With the MWFL entering its landmark 10th season, Boyles is once again at the hub of Canadian women’s football history. As the first women’s football league in Canada, the opportunity to compete during such a remarkable year represents a celebration of the game, and the hope that the future will be prosperous while continuing to cultivate an environment of sportsmanship, good natured competition and mutual respect.

“I am honored to be a part of the 10th anniversary season of the MWFL.  I believe it shows that the sport of women's football is continuing to grow and I look forward to seeing the league develop even further.”

Always looking to improve her superlative game, Boyles displayed great character by providing an extra effort on the defensive side of the ball during the 2012 campaign. Accepting it as a personal challenge, her selection as an MWFL Defensive All-Star speaks for itself.

“My greatest moment is hard to narrow down. Yet, I would say the moment I am most proud of in my MWFL career was being named a Defensive All-Star last year in 2012.  Being mainly an offensive player my whole career, it shows that I have worked hard to understand the defensive side of the ball. It also shows that my coaches see my versatility and have the confidence in me to be utilized in many different positions to help the team succeed.”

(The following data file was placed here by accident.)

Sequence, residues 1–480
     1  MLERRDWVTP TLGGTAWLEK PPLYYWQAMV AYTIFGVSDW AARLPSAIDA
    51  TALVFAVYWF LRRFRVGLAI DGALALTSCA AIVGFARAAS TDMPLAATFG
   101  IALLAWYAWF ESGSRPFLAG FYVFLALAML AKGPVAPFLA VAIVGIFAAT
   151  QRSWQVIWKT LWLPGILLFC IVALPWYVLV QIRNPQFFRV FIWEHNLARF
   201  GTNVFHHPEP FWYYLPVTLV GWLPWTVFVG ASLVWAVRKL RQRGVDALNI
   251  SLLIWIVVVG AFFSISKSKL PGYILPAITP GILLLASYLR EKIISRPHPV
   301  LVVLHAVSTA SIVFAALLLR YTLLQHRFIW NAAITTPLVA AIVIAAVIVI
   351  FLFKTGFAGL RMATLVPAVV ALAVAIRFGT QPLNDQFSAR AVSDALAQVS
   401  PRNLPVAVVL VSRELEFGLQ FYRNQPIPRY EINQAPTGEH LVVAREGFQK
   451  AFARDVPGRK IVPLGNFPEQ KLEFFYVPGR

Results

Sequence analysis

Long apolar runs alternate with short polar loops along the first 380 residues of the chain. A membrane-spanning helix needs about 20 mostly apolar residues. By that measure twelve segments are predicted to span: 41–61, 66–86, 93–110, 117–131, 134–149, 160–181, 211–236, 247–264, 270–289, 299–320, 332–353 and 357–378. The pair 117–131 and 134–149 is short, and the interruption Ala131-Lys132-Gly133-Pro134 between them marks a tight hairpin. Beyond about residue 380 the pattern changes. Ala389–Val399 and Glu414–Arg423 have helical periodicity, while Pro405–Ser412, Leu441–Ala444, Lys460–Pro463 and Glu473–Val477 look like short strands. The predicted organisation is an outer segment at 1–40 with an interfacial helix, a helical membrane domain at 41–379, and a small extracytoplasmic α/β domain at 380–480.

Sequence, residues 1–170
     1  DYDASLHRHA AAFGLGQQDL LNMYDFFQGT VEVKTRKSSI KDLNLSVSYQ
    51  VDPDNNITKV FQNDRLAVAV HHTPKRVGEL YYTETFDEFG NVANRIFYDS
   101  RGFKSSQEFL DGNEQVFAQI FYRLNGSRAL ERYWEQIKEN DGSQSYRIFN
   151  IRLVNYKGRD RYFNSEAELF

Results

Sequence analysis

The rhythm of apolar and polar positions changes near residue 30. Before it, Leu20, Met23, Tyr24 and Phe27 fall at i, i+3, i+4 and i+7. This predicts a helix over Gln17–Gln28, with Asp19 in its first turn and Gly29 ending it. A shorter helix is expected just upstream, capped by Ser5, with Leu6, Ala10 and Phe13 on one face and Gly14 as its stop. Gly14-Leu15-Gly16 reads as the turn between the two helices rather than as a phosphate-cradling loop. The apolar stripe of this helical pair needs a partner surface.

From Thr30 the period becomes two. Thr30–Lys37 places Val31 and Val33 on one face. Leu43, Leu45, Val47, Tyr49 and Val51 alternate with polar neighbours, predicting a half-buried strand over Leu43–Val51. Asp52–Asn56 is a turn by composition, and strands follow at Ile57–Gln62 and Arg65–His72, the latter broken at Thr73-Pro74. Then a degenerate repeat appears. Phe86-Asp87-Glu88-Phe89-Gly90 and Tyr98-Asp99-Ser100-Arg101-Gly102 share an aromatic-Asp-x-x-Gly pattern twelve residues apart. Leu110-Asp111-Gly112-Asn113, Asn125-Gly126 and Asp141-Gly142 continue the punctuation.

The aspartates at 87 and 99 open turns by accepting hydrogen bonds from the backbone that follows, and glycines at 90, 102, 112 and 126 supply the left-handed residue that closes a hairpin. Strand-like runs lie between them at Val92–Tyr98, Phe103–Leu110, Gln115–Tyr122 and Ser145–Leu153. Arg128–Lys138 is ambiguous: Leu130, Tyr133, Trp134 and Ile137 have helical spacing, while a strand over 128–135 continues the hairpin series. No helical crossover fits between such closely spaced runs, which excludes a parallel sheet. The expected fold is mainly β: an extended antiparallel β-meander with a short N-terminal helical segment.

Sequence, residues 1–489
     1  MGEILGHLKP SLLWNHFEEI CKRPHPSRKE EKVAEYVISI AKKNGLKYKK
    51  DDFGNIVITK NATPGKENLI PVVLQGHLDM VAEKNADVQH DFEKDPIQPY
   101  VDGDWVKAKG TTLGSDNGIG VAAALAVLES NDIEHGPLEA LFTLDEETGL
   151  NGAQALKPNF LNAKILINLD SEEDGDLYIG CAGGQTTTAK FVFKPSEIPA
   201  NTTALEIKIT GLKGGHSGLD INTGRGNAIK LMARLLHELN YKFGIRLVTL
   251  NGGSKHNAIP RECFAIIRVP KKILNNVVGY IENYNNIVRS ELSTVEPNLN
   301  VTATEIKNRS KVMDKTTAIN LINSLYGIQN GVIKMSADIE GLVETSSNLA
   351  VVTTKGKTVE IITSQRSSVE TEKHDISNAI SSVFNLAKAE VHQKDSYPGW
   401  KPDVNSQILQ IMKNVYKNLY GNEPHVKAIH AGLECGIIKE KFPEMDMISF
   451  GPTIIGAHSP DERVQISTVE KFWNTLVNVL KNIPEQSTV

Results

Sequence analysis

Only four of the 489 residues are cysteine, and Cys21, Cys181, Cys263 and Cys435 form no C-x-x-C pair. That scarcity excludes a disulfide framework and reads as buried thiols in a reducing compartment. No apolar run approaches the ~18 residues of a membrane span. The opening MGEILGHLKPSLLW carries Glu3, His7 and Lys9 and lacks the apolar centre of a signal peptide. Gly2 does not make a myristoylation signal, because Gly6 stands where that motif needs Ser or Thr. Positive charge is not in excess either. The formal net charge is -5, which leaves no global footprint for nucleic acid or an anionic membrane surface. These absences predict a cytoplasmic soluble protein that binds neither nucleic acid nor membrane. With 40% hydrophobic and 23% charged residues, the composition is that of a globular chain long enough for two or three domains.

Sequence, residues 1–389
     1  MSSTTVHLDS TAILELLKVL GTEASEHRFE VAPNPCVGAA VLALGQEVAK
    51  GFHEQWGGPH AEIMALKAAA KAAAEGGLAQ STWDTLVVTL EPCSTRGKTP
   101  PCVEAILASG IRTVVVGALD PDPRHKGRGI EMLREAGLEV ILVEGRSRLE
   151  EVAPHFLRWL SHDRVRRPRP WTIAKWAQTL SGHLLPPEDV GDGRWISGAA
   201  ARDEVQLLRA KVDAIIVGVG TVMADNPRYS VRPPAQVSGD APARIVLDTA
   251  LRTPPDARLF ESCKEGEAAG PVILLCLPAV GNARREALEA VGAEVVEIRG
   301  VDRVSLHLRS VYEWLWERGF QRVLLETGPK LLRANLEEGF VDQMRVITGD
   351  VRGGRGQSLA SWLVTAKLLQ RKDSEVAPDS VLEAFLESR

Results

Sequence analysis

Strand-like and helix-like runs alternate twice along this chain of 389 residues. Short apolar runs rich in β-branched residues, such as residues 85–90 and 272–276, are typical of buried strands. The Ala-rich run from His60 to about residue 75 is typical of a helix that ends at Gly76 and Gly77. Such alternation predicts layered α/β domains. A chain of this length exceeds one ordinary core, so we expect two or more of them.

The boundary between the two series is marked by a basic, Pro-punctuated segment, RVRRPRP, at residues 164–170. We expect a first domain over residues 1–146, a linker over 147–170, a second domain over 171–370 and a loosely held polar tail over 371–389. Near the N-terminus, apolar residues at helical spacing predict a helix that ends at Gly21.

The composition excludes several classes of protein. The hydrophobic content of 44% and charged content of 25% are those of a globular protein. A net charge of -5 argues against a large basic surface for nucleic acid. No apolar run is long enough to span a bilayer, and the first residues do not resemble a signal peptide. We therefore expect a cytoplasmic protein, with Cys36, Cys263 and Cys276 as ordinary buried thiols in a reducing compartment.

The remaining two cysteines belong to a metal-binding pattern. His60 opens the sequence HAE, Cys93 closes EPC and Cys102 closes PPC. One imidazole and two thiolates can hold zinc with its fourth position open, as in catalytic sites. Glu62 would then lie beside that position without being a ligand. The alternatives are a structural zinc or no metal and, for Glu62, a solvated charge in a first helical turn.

In a stellar career that has featured numerous All-Star selections and SupHer Bowl Championships, the defining legacy of her career might be the opportunity to represent her country on the international stage.

She participated in the first Women’s World Football Championships in 2010. As part of a silver medal effort with Canada, she ranked third on the team in receiving yards. The opportunity to be part of a historic moment in women’s sporting history is a cherished one.

“It was a privilege to represent Canada at the 2010 World Championships.  It is fantastic that I was a part of the first ever World Championships and helped to pave the way for up and coming athletes.”

Boyles (#81) with the group of Team Canada receivers in 2010

“The experience gave me more confidence to attain my goals, not only in sports, but in everyday life.  It shows you that hard work and determination go a long way and you should never give up on what you have your sights set on.”

As one of the 11 members on the 2013 Canadian contingent that participated in the inaugural women’s worlds, her experience makes her a leader on the roster. A proven winner and a remarkable athlete, Boyles brings a presence of strong character and determination which gives her team an opportunity to win. In determining the factors necessary to win a gold medal, Boyles offered the following,

“We will all have to do our prep work and arrive in shape, outwork our opponents on every play and understand our responsibilities. It is important to win one-on-one battles, be able to adjust quickly and above all, we have to come together as a team and believe it is possible.”

“All quotes obtained first hand unless otherwise indicated”